Balance, concentration and endurance: Slacklining combines all of these into one of the most demanding sports of our time.
Between the mental capacity and physical abilities needed to balance on the slackline, it has become the perfect training method – for couch potatoes and athletes alike. We’ll show you what you and your buddies need to enjoy slacklining, how to train properly as well as showcasing the crazy variations invented by professional slackliners.
Even though there are similarities to tightrope walking, slacklining as we know it was only invented in the 1980ies by a few creative climbers in Yosemite National Park. Initially, they only balanced on fixed ropes until Adam Grosowsky and Jeff Ellington thought of tying their climbing equipment to two trees so that they could balance between them. Since balancing is still a very important part of climbing, it is only natural that slacklining evolved from these kinds of sports.
But don’t worry: You don’t need to have climbing experience to start slacklining – all you need is some equipment and a bit of practice.
WHAT YOU NEED
There’s only one thing you need to get started: The slackline itself. It is actually quite cheap – usually, it is recommended to order one with a width of 25mm. However, beginners can also start out using slacklines with widths of 30 or 35mm. In the beginning, you should stretch your slackline over a distance of 8-10m – the longer the distance, the harder it is to balance out the slackline’s vibrations. However, if you mount the slackline between two trees that are less than 5 metres apart, the typical feeling will be gone since the slackline will become rigid - with little to no swinging.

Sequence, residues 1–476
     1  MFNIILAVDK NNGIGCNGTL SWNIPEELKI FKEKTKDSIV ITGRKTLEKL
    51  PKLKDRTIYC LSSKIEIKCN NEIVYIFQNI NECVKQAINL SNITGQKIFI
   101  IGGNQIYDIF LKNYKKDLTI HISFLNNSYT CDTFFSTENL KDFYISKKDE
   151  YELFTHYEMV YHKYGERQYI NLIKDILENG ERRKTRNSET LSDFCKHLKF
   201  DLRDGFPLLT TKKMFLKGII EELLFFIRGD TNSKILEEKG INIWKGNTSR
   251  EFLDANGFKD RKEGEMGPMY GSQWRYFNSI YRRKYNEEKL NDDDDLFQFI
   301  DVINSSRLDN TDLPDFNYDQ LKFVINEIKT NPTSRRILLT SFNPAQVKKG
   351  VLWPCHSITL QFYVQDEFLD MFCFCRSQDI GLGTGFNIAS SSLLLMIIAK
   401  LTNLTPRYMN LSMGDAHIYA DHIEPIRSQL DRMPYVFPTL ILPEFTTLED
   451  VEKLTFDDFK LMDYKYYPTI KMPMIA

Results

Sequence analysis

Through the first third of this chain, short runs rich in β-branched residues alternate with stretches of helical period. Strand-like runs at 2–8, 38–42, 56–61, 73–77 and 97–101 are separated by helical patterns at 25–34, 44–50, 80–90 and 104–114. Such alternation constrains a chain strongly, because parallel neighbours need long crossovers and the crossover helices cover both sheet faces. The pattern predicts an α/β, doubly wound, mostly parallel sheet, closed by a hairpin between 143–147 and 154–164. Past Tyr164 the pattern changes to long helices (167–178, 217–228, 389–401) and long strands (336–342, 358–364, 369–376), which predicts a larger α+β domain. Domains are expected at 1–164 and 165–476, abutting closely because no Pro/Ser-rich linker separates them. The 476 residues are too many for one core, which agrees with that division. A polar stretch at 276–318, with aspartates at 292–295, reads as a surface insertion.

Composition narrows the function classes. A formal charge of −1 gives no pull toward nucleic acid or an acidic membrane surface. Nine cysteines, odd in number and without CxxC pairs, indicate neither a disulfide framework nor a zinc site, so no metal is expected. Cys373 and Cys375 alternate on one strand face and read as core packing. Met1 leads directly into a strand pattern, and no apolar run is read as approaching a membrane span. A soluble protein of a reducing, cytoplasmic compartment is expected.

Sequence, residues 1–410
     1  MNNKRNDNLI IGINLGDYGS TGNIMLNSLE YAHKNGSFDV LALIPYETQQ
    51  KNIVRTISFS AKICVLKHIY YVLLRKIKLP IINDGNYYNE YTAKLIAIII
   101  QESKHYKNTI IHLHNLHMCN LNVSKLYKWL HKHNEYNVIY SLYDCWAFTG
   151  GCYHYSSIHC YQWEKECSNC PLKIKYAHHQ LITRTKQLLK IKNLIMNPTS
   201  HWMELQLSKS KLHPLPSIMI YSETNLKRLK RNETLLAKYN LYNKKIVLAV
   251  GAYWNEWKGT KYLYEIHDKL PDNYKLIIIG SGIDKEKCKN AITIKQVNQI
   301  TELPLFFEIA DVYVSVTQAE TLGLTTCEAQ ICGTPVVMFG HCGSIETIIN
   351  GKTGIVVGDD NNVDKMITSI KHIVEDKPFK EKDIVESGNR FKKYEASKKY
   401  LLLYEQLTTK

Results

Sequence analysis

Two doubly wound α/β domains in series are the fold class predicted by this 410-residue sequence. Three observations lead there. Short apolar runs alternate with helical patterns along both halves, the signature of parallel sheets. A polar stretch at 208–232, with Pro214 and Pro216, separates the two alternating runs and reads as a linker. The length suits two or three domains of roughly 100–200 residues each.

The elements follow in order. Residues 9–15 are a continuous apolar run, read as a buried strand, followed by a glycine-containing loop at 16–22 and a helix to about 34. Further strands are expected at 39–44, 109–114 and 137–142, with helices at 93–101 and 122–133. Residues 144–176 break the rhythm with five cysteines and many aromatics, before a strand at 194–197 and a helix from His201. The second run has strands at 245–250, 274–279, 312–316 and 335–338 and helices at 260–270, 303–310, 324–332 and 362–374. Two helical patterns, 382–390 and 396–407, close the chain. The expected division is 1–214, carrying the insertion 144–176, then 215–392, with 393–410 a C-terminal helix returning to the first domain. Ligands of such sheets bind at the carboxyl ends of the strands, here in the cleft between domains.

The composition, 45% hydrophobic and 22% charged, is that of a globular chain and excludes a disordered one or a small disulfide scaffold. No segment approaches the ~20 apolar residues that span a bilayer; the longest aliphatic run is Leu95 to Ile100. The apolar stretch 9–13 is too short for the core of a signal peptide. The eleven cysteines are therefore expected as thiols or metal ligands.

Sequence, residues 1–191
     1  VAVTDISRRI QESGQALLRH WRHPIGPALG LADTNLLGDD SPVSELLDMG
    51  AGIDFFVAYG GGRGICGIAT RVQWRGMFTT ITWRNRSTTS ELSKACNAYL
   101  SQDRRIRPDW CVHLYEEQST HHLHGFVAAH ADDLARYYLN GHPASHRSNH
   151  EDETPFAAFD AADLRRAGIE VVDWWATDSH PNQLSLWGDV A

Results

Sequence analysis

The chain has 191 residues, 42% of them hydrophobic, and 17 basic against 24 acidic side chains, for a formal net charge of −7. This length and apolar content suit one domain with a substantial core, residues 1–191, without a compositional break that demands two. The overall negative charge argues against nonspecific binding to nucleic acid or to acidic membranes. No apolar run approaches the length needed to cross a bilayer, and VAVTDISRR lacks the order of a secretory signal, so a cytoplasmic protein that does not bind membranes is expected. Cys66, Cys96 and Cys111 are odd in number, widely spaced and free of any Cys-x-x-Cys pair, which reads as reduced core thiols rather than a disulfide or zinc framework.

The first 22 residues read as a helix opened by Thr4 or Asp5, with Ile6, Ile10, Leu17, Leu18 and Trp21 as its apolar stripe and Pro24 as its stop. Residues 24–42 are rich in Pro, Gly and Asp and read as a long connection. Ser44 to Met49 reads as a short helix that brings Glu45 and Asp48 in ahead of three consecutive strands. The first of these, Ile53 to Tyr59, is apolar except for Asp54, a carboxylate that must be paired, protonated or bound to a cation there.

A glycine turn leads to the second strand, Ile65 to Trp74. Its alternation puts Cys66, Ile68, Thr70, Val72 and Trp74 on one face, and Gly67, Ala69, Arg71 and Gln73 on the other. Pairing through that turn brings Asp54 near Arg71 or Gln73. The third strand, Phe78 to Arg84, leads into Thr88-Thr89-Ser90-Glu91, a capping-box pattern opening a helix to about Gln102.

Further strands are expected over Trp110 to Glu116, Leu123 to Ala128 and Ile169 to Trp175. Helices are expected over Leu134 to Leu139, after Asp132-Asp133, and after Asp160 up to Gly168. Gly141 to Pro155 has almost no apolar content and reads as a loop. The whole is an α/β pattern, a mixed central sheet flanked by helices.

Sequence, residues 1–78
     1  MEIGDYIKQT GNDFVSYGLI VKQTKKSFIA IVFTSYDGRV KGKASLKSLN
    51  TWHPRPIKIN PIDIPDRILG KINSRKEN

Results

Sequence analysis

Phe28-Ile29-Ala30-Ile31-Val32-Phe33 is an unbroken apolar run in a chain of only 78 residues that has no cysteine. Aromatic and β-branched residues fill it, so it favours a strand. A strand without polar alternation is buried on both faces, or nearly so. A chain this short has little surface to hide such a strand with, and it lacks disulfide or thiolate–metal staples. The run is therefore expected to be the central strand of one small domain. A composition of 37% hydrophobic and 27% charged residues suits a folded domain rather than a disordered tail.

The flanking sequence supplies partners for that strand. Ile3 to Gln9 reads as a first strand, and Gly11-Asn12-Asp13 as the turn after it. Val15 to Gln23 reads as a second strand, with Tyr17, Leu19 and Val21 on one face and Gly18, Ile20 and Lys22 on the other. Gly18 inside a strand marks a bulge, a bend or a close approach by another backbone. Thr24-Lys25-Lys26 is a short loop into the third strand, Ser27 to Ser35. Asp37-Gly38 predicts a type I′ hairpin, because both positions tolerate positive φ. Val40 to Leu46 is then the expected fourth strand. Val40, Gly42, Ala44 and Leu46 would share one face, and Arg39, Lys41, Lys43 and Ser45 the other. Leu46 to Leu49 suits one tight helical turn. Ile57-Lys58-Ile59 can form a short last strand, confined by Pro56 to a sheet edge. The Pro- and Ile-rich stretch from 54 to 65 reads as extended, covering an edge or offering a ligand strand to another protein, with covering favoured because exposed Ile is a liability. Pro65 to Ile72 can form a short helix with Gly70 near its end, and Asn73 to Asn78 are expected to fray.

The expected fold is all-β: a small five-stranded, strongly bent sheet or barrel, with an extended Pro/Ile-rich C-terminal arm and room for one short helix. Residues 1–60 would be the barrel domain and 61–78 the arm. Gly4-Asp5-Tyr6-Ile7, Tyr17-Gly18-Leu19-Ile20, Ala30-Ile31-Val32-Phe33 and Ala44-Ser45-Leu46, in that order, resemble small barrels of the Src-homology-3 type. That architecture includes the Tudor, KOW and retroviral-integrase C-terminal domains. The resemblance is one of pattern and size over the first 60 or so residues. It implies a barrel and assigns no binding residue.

You don’t need special shoes to slackline either: You decide whether you want to take part barefoot, with socks or with shoes on. However, without shoes, you’ll get the hang of it more quickly since you’ll be able to feel the slackline better, which is especially important when you’re starting out.
THE RIGHT TECHNIQUE
For the first steps, it is important that you and your buddies support each other and help each other balance. That way, you can mount the slackline more easily. An essential tip is to never straighten out your legs. Instead, try to bend your knees a bit. Now, place one foot in front of the other. Never look directly below you, but instead, try to fixate your view on the tree at the end of the slackline. If you feel confident enough to do so, you can also try it alone.
You’ve bought the equipment and mastered your first steps on the slackline? Then you should practice, practice and practice some more. Someday, you might be able to master one of these crazy slacklines: